Monday, April 1, 2013

Mummies in Newcastle upon Tyne

Icy Sedgwick is one of my favourite people. Not only do we share a love for the written word, but we agree that ancient Egyptians, and mummies in particular, make fascinating people with whom to have tea. Of course Icy gets more time to visit with our old friends than I do, so today I'm handing over my blog to her so she can chat about her most recent expedition.

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Newcastle upon Tyne, in the cold north east of England, is perhaps one of the more unlikely places to find a mummy, but here at the Great North Museum (formerly the Hancock Museum), we have not one mummy, but two. The Egyptian Gallery in the newly refurbished museum houses a plethora of artefacts, including jewellery, scrolls, funerary ephemera, and a large statue of Sekhmet.

Our younger mummy is Irtyru; she dates to between 664-525 BC, and she was found at Qurneh on the west bank of the Nile near Thebes. Scientists believe she was between 30 and 35 when she died. She was sold at auction in 1825 and then donated to the Literary and Philosophical Society. Unfortunately, the Victorians didn't have access to modern scientific methods of investigation, and she was unwrapped in 1830. She was varnished to preserve her, which explains her skin colour, and her original wrappings and organs are long since lost. I can't help feeling sorry for her, missing as she is her internal organs and those amulets lodged within her wrappings, but she does has a habit of firing the imaginations of those youngsters who come to visit.

Our other mummy is Bakt en Hor, known as 'The Lady'. She lived between 1070 and 713 BC in Gourneh, Thebes, and CT scanning tells us she was between 21 and 35 when she died. She also had a full set of teeth, and her bones show no signs of bone disease. She was bought in Egypt in 1820, and donated to the Literary and Philosophical Society. However, Bakt en Hor was the subject of a mystery until recently. All of her documentation cited her name as being Bakt hor Nekht, translated as meaning 'Servant of Horus the Strong', even as recently as 2008 while she was temporarily on display at Segedenum, our Roman fort at the end of Hadrian’s Wall. A team of specialists decided to investigate further, although the investigation was operating under the caveat that her coffin was not to be opened, and physical samples were not to be taken. Luckily technology has moved on sufficiently that CT scans can tell researchers so much without mummies needing to be examined.

As part of her research, Egyptologist Gill Scott paid a visit to the Literary and Philosophical Society, a somewhat impressive library located near Newcastle's Central Station, and by chance discovered a volume entitled 'The Reports, Papers and Catalogues of the Literary and Philosophical Society, 1820-1821'. The handwritten volume contained newspaper articles and other items, one of which was a scrap of the original wrappings from none other than Bakt en Hor. Archaeological chemist Dr Stephen Buckley subjected the scrap to chemical analysis, and discovered that extreme heat and cheap materials had been used during the embalming process, implying a hurried or incompetent job. A CT scan allowed them to recreate her head, and the high levels of decomposition to her face confirmed this theory.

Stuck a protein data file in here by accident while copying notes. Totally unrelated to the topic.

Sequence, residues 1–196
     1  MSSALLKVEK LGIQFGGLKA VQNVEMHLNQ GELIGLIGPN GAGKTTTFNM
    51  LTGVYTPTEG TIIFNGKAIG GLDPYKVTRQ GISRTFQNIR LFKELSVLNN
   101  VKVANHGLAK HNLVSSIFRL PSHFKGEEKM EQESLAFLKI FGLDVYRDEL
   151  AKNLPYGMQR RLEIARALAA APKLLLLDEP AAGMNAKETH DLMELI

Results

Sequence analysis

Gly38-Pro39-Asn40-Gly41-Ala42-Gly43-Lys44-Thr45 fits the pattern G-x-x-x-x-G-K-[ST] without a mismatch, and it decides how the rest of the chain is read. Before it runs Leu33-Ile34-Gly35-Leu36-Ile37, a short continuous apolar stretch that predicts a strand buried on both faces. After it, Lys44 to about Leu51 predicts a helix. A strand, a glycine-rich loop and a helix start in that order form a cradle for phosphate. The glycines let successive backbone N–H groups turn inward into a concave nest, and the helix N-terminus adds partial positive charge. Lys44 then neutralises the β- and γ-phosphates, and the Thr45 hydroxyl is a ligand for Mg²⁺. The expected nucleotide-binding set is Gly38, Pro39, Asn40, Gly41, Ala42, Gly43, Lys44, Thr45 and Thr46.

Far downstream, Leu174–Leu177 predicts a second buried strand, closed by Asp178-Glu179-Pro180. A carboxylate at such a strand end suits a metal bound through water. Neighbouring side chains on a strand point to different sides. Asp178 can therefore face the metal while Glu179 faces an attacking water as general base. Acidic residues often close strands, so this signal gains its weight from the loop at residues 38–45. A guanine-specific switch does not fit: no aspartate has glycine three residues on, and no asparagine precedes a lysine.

Further investigation revealed a mistake in naming her. Hieroglyphs expert Alan Fildes noticed a hurried water sign near the bottom of her cartonnage, which had been mistranslated, giving her the name of Bakt hor Nekht. Translated correctly, the name should read Bakt en Hor, and her true name has finally been restored after two hundred years of error. No one knows if her name was written so badly as part of the rush job surrounding her embalming and burial, but I'm quite glad that she's now known by her real name, rather than the wrong one. Before the museum's refurbishment, the old Egyptian gallery also featured a video in which visitors could watch as the CT scan of her skull was used to recreate her face, and the resulting image was one of a beautiful and strong woman. Sadly this video, or image, is no longer in the museum, replaced instead by the History Channel's short video about the investigation into her name.

As fascinating as the Egyptian gallery is, the mummies always take centre stage, and I’m glad that these women now have their real names as they reside in this cold city that lies over 2,600 miles from their homeland.

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Icy Sedgwick is a writer and film academic who lives and works in Newcastle upon Tyne in the United Kingdom. She’s been fascinated by ancient Egypt since she was eight, and her next book is a retelling of The Sorceror’s Apprentice, substituting brooms for mummies. She often features mummies in her Friday flash fiction, including No Flash and Sand and Snow.


  1. Love this—mummies do indeed fire the imagination. The mention of Hadrian's Wall reminded me of a humorous line from the book Firelord, in which an Egyptian in the Roman army had written his name on the wall and the plea, "Do not let me die here in the land of Set." The only thing missing is the translation of "Bakt en Hor" — its meaning would have been an interesting contrast to the erroneous original.

    1. Sorry I forgot to put it in! Bakt en Hor is translated as meaning 'Servant of Horus'. Perhaps not a massive difference to us but it would have been huge to her.